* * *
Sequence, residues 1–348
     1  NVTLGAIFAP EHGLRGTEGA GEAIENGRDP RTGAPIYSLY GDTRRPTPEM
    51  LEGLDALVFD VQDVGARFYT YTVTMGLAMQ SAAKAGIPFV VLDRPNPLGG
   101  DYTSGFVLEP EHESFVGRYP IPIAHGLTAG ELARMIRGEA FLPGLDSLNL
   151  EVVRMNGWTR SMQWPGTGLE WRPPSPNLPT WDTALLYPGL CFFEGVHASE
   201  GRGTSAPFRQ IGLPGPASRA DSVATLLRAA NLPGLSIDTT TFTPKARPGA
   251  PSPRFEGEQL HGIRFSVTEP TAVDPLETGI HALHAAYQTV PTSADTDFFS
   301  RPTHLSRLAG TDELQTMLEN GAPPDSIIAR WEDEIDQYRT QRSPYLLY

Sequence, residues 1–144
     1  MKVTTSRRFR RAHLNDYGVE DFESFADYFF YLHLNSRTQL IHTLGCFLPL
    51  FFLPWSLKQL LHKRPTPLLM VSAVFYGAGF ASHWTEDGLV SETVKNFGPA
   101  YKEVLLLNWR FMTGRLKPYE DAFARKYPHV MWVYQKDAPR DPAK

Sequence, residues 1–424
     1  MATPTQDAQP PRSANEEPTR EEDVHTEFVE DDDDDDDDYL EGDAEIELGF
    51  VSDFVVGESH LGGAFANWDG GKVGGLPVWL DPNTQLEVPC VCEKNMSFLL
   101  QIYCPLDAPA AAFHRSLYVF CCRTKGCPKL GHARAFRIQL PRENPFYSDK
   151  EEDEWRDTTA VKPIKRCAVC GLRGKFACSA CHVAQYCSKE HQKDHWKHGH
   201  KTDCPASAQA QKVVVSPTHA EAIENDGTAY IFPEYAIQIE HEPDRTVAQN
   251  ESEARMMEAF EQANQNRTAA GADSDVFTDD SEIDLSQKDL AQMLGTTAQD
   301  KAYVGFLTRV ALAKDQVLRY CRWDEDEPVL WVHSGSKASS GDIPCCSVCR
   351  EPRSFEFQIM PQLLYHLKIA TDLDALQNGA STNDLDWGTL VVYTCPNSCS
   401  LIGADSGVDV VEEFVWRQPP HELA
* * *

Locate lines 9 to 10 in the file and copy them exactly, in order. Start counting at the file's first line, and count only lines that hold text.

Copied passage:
Sequence, residues 1–144
     1  MKVTTSRRFR RAHLNDYGVE DFESFADYFF YLHLNSRTQL IHTLGCFLPL